Anastasiades, Erdogan and the State Department spokesman

Important news is often hidden, sometimes in a brief but telling sentence from politicians, when they distort the accusations against them and sometimes in the way they fail to answer a question.

I’ve gathered examples of all three types, because they reveal so much and they are among the most important news stories of the week that past:

First, Nicos Anastasiades’ president of Cyprus,response to the highly publicized report on the ‘60 Minutes’ program on CBS that accused Cyprus, during his presidency, of massive corruption: “so you can understand… the other day’s report by the American network that Cyprus refuses to implement the sanctions imposed by Europe – nothing can be more untrue… Cyprus is in the crosshairs on these issues.”

This response is not serious.

In effect is an appeal to the Cypriot people to protect the flag… so that it can cover…him.

Second, Tayyip Erdogan responded as follows to the cover story of the influential British newsmagazine The Economist titled ‘Turkey could be on the brink of dictatorship’ – one of the most disparaging (and possibly prophetic) articles against the Turkish president, or any other leader, ever published:

“[A] British magazine determines Turkey’s fate? Whatever my Nation says, that’s what’s happening in Turkey. Turkey’s fate cannot be determined by the British magazine.”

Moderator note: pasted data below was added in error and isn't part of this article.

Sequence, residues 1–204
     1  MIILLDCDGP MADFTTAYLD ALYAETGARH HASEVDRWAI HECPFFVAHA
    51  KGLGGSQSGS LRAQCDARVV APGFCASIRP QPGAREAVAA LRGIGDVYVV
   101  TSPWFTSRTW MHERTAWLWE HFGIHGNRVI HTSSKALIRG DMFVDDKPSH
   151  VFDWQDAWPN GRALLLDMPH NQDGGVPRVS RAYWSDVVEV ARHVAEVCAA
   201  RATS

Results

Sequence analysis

This is a much more crude effort by a leader to wrap himself in the flag of the nation, in Turkish patriotism, in order justify banning at publication.

Third, a journalist’s question to the spokesperson of State Department: “The fact that there is no press conference featuring the today’s dialogue – between the Secretary of Stated and the Foreign Minister of Turkey- how do you want us to read that? Is it a reflection of the nature of the trip or the nature of the relationship between Türkiye and the U.S. or the nature of the state of press freedom in Türkiye?”

Spokesman: “I certainly wouldn’t read much into it.”

Question Two: “Senator Menendez said that he is going to block the transfer of F-16s to Türkiye, and he said till Ankara, as he said, improves its human rights record and cease threatening U.S. regional allies like Greece and Cyprus. He said that Erdogan is undermining international law, and Türkiye is not a good ally. I don’t know if you agree with the senator, but I wanted to hear your comment, please.”

Spokesman: “Well, Congress has a key role to play when it comes to these decisions. … we’ve been clear that with our allies, we may not always see eye to eye. We have disagreements with our Turkish allies…. We remain deeply concerned by the continued judicial harassment of civil society, media, political and business leaders in Türkiye…”

This must be described as a selective and long-winded response aimed at pushing away the thorny part of the question.

You will have noticed that he gave a long answer to the first part of the question, which concerns human rights, but… he forgot to answer the second part, which concerns Turkey’s threats against Greece and Cyprus. Αnd that says something.


It may seem – comparatively – like a small decision, but it isn't.

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